The purpose of a carburettor is to mix the fuel with air which it does by metering fuel through adjustable “jets” and drawing the fuel into a venturi using a vacuum effect caused by air rushing through the venturi.
We race in X30 and so use the Tillotson HW-27A but these principles apply to other diaphragm carbs – please check your manufacturer’s instructions for specific jet settings, pop-off values and so on.
You will need:
- A pop-off gauge – ours is from JHC – Hubchen and has a mounting point to keep the carb steady while you work on it
- Three-in-one oil which is a useful alternative to petrol for checking the ‘wet’ performance of the pop-off needle
- Carb cleaner
- Something to hold the carb still if your pop-off gauge doesn’t have one
- A 8mm socket/t-bar machined to fit in the narrow orifice where the needle seat is located. These are available from major kart shops as “Tillotson sockets”
- Rebuild kit – for the HW-27A a DG “half” kit or RK “full” kit including inlet needle and seat
We rebuild carbs after every meeting as a matter of course – you will see the reason why from our photos.
To disassemble the carb, start by taking the jets out. Make a note of which jet is which, and which order everything came out. Until you’re familiar with the process you could put the parts down on a piece of plain paper and label each part.
Despite filtering the fuel there’s still some debris on the small gauze filter, we blow that off with brake cleaner until it’s clean.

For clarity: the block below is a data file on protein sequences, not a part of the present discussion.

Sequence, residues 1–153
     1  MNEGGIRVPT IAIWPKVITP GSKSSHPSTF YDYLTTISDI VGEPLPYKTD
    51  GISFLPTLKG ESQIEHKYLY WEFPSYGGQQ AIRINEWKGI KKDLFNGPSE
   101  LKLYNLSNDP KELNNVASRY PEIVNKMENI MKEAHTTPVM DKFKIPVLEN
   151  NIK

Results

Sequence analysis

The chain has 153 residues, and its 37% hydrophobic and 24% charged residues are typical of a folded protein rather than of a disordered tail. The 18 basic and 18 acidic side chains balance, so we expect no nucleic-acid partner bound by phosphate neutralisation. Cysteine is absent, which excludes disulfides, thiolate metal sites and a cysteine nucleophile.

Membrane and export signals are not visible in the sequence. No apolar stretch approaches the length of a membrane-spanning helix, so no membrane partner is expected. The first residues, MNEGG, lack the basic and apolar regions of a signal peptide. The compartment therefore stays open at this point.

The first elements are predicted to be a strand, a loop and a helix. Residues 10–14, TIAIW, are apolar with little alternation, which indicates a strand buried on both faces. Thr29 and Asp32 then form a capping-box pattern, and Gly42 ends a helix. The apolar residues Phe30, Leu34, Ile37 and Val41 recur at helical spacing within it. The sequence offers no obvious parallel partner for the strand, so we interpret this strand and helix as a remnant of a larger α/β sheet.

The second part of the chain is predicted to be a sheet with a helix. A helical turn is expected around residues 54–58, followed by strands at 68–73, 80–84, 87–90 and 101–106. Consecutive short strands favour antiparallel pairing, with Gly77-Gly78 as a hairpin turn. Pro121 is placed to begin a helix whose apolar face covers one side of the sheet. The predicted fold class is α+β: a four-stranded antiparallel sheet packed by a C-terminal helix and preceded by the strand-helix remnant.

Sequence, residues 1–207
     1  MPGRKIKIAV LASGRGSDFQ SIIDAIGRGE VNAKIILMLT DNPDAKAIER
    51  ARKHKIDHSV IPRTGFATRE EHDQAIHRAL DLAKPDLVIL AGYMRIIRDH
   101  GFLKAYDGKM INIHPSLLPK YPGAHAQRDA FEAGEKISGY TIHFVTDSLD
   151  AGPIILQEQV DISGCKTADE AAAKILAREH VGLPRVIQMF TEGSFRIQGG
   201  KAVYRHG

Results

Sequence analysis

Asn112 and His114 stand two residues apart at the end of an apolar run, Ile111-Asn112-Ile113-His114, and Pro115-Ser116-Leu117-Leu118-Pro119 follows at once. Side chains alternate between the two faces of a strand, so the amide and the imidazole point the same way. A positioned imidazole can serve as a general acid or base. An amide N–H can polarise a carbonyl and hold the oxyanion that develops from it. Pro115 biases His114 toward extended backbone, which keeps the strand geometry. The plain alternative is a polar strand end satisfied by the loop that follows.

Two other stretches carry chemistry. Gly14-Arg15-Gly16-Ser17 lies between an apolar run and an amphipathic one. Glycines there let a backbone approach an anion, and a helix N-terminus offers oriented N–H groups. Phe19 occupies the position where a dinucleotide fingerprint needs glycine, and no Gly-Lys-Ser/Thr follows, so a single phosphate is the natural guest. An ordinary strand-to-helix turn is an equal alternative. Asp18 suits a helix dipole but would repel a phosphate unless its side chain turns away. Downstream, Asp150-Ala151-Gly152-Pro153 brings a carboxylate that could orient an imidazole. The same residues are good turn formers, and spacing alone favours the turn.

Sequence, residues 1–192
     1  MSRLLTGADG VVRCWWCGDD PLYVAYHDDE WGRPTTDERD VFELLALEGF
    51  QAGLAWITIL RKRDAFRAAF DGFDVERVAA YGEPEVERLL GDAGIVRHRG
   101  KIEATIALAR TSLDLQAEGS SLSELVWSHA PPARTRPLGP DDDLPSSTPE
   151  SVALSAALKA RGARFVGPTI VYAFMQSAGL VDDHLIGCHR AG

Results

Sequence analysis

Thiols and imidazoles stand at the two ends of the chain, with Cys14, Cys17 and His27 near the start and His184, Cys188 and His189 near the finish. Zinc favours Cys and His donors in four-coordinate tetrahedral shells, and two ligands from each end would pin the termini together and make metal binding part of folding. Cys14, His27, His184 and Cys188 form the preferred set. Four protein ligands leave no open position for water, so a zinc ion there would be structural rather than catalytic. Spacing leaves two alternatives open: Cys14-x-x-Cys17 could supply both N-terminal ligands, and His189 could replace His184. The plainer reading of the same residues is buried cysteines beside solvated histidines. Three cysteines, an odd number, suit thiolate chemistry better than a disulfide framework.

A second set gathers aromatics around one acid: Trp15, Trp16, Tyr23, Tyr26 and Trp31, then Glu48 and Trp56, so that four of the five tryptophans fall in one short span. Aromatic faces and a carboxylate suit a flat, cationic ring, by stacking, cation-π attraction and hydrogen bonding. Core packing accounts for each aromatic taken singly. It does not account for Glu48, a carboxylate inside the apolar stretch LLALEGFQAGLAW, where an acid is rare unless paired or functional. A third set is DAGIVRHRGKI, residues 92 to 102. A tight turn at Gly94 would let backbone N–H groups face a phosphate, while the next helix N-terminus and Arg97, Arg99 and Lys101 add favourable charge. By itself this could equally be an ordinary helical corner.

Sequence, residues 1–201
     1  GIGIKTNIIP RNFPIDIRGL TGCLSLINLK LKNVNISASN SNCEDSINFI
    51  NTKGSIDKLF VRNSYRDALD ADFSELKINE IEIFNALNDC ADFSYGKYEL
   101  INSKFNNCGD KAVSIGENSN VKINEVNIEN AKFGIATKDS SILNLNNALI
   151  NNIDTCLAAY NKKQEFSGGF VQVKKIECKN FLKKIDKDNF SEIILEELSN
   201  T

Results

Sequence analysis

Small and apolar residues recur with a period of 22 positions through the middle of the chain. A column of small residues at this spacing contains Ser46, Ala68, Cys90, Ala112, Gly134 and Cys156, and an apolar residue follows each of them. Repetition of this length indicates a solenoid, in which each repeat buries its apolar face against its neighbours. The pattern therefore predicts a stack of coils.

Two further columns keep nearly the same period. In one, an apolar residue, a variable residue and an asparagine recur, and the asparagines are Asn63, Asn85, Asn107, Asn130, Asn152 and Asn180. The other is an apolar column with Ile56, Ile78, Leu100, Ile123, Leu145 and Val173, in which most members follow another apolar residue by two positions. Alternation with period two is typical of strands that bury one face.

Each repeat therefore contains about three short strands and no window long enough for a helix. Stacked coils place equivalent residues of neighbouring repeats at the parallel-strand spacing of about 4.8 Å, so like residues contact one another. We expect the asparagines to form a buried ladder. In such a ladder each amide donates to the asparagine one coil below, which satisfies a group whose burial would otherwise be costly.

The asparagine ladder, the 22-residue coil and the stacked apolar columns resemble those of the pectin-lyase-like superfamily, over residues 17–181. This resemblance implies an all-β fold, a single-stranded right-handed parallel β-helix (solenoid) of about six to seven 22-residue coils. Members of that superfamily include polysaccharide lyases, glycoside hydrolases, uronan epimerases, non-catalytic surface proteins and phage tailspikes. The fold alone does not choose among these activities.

Take the screws out and take the carb apart a bit at a time, shake the fuel out of it and clean it with brake cleaner.
Take the pump diaphragm off, you can see a circle shape in it and that it’s slightly out of shape on the parts that do the work of pumping, so we’ll change it.
This is the metering diaphragm – examine it and see what it looks like compared to a new one, whether it still has elasticity and integrity. This one is out of shape around the inner circumference so we’re going to change it.
The metering needle valve needs to be checked closely, this is the valve that controls the pop-off. We fill it up with two in one oil as it has to be wet, use the pop-off gauge and see where it pops off. In this case it popped at 0.75 bar and was holding pressure at 0.5 bar as recommended by Tillotson. That tells us that the valve is in good condition. It’s doing that consistently as it was a new valve and seat at the last rebuild.
The pop off pressure is controlled by the spring weight. There are various weight springs available however IAME UK recommends you stick with the standard spring as it gives the best performance across a wide range of conditions.
We’re going to take the needle valve assembly apart anyway to clean and check it. Remove the small screw and take the valve out. You can see the spring, valve and metering arm. Look at the end of the valve and see what kind of condition it’s in. When the pop-off pressure is tested, if the valve is holding pressure it’s safe to assume that the needle valve is in good condition.
Next remove the needle seat with the t-bar that has been machined down to fit in the hole.
Then get the small copper gasket out, this might be fiddly but often you can just tip them out.
At this point it’s completely stripped down. Spray brake cleaner into every orifice, you should be able to see fluid flowing through the high jet and the low jet. Then blow air from a compressor through the orifices.
Check that the butterfly valve doesn’t open past the middle at full-throttle, if it does, adjust it with the screws.
When reassembling, remember the gaskets always go beneath the diaphragms. Keep note of the order all the components must be in. If the carburettor goes back together incorrectly then the engine will most likely not start and if it does then it will not run well or in worst case scenario, it will seize!
Tillotson recommended jet settings are:
High: 1T 30-35 minutes
High: 1T 20-25 minutes
This article was originally published in Karting magazine in January 2016